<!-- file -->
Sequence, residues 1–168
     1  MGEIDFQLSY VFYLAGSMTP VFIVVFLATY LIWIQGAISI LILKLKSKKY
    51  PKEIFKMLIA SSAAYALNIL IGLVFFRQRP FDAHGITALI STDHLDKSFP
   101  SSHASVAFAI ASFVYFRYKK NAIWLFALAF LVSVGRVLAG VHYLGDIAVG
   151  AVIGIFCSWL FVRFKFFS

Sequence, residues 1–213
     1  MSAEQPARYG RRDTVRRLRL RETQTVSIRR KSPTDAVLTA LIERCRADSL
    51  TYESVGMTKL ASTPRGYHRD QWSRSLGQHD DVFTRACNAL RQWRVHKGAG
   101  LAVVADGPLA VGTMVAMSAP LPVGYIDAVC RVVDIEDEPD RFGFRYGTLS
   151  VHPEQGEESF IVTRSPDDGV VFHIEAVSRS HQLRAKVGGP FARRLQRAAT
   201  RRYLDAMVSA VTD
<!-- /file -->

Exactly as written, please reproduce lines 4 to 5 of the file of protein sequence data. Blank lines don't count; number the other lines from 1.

   101  SSHASVAFAI ASFVYFRYKK NAIWLFALAF LVSVGRVLAG VHYLGDIAVG
   151  AVIGIFCSWL FVRFKFFS